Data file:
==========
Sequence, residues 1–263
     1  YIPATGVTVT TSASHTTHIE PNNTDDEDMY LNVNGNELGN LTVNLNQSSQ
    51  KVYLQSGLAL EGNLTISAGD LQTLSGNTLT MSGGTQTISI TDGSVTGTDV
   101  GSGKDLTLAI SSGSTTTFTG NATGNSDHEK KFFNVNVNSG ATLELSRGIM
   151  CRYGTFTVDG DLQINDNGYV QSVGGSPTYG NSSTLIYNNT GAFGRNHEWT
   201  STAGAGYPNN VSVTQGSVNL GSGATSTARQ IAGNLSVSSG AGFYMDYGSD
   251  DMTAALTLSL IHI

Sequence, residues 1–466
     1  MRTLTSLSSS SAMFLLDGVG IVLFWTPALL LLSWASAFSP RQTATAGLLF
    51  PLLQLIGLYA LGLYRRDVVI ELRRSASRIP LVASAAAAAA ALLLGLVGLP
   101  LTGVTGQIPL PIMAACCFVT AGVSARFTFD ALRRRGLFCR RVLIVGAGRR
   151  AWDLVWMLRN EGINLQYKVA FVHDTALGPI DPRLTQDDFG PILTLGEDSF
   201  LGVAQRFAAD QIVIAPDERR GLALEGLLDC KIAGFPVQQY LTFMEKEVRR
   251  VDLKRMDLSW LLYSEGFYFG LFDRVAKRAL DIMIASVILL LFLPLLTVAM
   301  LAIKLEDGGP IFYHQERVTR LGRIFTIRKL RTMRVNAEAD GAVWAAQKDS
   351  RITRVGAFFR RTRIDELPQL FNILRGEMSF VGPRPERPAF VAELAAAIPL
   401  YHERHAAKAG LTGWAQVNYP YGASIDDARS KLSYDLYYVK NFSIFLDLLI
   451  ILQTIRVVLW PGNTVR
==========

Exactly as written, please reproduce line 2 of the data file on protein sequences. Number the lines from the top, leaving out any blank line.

     1  YIPATGVTVT TSASHTTHIE PNNTDDEDMY LNVNGNELGN LTVNLNQSSQ